Large scale meat chicken farmers are losing slightly over Ksh 153,000 per crop due to poor animal welfare practices on the farm and during transportation. This reduces their potential earnings by almost 20%.
A report launched today by World Animal Protection indicates that 6% of the birds die due to the birds being kept in poultry houses which are poorly ventilated with inadequate and often wet litter compounded with poor hygiene. The report estimates that for an average farmer having a flock of 22,000 birds this loss is equivalent to KShs 24,002 per crop.
Dr. Victor Yamo, the Animals in Farming Campaign Manager, World Animal Protection notes that “Such poultry houses predisposes the birds to respiratory diseases, bruises and injury of the breast and thigh muscles while brooding in such poorly ventilated houses using charcoal burners leads to further losses from water belly disease”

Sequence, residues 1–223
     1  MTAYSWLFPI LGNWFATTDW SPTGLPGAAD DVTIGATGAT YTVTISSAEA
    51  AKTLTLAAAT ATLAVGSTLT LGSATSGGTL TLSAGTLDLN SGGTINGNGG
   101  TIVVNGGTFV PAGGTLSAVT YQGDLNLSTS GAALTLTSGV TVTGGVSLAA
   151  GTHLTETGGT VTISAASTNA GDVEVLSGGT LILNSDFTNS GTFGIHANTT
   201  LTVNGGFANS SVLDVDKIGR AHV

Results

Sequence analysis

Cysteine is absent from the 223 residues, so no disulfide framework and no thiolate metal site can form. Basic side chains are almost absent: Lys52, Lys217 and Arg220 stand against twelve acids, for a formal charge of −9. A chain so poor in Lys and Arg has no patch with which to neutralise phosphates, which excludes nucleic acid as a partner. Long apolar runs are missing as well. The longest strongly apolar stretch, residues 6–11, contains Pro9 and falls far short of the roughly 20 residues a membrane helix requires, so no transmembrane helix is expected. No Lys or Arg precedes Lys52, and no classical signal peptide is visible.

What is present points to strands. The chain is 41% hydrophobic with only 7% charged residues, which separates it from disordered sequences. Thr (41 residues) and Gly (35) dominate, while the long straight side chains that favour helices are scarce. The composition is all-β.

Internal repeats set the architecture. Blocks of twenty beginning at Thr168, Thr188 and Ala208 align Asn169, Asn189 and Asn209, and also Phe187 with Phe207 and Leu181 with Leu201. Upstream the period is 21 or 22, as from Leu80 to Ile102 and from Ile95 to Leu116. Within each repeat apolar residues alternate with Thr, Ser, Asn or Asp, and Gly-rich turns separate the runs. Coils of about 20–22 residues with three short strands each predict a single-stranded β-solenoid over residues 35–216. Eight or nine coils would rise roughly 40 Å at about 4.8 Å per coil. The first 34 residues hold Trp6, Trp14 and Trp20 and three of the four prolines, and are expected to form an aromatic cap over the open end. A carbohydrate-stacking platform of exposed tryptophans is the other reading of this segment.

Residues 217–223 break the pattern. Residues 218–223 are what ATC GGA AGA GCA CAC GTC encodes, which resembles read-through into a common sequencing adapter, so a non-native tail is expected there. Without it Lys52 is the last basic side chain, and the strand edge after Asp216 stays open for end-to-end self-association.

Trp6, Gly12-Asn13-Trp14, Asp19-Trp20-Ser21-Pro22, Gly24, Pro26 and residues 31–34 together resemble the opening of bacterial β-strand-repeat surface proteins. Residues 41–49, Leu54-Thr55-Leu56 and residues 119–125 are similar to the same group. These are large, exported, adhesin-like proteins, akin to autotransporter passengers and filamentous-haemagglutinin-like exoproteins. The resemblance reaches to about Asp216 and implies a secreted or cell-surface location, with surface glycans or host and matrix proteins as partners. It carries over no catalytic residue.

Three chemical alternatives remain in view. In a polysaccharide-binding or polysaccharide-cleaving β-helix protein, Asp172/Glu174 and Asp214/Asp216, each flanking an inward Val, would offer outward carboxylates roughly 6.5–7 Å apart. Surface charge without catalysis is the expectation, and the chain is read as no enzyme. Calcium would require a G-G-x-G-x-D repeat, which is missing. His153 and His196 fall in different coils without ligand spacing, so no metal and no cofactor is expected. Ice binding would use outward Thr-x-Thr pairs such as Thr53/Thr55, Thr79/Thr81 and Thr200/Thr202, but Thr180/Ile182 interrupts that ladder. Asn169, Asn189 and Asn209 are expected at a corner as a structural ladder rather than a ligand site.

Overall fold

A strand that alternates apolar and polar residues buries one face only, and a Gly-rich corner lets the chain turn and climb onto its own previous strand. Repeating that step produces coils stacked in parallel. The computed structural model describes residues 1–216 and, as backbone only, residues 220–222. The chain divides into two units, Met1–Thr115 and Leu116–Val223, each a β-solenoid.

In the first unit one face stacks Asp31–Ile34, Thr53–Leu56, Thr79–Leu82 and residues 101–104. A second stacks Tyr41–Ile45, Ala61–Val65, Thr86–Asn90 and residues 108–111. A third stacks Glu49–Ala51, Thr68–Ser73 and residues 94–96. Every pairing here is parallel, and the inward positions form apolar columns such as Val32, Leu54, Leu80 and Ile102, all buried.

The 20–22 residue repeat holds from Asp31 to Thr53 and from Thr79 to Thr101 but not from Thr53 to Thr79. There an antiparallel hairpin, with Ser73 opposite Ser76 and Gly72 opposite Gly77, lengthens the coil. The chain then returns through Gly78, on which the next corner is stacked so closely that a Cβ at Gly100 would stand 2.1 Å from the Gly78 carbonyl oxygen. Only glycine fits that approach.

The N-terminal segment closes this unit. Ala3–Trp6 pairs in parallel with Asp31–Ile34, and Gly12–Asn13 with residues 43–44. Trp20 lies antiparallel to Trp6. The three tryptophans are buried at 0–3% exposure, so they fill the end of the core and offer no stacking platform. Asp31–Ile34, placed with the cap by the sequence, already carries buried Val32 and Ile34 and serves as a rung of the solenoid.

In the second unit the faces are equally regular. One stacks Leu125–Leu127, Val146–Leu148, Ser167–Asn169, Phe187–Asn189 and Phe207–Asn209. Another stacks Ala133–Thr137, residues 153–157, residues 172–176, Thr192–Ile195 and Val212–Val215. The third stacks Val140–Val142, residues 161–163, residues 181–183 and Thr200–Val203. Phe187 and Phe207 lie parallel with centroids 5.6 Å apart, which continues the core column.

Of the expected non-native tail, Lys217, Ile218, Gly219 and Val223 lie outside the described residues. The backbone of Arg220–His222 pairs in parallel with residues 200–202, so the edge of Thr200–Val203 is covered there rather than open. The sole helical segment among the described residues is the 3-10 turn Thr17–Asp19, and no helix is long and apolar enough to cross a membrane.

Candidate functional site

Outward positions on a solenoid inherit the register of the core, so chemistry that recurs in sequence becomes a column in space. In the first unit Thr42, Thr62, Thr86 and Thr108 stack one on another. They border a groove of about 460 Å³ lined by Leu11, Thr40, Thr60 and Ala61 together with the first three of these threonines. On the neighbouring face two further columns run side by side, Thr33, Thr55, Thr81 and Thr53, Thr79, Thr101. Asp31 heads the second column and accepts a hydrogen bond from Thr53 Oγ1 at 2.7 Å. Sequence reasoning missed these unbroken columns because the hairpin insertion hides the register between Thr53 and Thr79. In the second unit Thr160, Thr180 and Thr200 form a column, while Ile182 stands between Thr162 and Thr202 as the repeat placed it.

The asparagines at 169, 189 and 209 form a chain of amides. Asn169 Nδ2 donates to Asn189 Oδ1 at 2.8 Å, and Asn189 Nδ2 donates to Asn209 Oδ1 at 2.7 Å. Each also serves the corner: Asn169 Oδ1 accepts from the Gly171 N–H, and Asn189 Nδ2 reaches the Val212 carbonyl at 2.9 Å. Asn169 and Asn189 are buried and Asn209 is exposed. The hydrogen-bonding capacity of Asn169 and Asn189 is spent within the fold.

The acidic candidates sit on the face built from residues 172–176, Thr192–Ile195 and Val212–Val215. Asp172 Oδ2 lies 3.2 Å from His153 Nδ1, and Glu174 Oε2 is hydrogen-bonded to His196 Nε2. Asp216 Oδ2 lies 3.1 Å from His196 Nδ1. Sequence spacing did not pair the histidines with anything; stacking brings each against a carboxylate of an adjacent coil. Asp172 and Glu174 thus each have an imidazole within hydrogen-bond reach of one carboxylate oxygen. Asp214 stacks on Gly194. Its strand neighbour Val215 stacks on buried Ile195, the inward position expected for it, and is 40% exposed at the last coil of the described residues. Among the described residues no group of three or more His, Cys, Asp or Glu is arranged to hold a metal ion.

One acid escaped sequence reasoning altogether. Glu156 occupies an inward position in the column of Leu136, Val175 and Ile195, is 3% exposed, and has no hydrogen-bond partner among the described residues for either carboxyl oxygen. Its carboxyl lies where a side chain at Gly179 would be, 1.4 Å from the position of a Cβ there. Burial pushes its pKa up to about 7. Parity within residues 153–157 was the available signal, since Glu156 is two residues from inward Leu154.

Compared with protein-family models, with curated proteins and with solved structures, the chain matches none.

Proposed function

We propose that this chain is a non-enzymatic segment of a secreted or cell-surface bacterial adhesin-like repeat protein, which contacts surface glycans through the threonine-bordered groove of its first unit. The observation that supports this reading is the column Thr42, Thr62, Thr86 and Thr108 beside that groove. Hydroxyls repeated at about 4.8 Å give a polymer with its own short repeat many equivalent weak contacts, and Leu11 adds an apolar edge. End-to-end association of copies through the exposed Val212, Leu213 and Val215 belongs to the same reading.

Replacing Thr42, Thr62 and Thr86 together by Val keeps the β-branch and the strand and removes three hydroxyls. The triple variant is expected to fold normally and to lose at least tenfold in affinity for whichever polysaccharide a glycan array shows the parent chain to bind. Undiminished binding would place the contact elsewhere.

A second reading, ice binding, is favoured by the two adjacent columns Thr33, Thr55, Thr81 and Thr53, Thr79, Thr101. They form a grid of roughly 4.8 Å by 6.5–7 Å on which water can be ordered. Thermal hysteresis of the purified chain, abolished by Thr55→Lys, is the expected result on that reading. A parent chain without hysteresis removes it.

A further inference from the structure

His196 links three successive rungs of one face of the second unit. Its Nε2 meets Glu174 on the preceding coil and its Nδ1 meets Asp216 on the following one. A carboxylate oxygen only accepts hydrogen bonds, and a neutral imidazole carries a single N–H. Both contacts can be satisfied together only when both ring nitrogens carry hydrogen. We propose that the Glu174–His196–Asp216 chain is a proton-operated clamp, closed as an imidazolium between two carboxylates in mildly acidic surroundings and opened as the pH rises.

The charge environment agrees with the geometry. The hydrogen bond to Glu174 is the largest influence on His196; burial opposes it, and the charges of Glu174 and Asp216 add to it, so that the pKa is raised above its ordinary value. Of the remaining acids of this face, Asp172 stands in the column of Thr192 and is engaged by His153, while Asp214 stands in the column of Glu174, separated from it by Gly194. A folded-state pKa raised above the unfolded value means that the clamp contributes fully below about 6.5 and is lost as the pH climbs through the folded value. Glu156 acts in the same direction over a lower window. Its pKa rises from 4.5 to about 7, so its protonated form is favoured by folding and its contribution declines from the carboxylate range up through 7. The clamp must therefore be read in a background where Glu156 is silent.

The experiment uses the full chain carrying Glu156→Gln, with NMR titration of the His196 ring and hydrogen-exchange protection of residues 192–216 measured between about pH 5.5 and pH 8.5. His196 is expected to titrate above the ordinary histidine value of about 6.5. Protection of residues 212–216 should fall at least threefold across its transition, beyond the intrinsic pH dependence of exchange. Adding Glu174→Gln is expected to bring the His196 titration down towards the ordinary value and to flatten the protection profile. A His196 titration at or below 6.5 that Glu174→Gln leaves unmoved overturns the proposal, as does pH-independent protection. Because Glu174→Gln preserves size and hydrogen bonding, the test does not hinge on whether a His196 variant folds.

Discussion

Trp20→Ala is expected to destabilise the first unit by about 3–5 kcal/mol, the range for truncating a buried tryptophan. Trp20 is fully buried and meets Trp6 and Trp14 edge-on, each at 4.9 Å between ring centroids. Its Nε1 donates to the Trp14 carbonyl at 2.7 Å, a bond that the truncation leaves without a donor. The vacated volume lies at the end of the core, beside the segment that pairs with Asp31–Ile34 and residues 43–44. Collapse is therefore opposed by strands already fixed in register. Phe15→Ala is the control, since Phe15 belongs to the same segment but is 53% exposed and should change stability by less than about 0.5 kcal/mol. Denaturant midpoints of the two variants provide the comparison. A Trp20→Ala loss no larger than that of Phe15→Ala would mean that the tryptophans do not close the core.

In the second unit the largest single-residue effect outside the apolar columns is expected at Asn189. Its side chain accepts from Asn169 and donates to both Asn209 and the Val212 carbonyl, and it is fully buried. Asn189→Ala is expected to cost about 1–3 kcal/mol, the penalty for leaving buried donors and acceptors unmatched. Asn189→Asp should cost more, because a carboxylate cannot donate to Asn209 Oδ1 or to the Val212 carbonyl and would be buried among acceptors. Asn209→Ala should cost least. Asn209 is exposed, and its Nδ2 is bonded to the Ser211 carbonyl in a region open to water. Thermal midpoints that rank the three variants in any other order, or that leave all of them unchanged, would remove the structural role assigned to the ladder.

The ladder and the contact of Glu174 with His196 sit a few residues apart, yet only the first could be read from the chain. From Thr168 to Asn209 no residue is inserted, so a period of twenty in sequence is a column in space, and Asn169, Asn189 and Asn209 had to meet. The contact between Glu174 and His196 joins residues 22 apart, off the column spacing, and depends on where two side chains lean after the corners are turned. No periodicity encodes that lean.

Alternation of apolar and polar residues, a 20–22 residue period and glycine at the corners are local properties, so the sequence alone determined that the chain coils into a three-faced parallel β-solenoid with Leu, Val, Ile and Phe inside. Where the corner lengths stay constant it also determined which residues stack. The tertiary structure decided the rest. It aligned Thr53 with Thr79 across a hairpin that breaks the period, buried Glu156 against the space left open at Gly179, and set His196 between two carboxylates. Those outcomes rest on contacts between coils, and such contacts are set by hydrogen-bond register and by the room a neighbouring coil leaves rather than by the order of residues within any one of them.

The study further revealed that poor handling when the birds are being caught and loaded to the crates to take them to the processing plants leads to bruises on the breasts, thighs and wings of the birds. In some instances, the birds even end up with broken legs and wings. The bruising and fractures can also occur during transportation if the road is uneven and the drivers don’t drive carefully. Birds with bruises and broken limbs are downgraded i.e. they don’t earn the premium price from the processors. The study estimates that averagely 0.77% of the farmers production in each crop was downgraded causing the farmer a loss of KShs 48,415.
Dr. Yamo further observes that “When birds are cramped together in a poorly ventilated vehicle they do not only end up with bruises and fractures but in some instances several birds suffocate leading to deaths”
The report estimates that approximately 1.18% of the birds arrive at the processing plant when already dead due to suffocation. Such birds are outrightly rejected by the processing plant leading to the farmer losing a further KShs 80,934 per crop.
“If poultry farmers ensured that the welfare of the chickens was adequately catered for on their farms and during transportation they would minimize such losses leading to the chickens having a life worth living and ensuring better returns to the farmer” He concludes.